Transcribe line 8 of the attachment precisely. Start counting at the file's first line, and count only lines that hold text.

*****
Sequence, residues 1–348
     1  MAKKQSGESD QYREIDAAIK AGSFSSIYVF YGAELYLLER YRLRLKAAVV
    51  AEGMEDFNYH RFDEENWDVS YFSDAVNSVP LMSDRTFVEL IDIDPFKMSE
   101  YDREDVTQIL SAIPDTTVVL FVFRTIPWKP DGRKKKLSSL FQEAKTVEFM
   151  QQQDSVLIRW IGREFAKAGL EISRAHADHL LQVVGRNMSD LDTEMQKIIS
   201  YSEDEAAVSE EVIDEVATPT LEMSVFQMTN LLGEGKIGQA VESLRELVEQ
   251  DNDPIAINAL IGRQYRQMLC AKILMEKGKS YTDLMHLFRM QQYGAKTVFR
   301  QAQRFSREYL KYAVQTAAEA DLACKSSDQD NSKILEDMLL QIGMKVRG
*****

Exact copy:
   301  QAQRFSREYL KYAVQTAAEA DLACKSSDQD NSKILEDMLL QIGMKVRG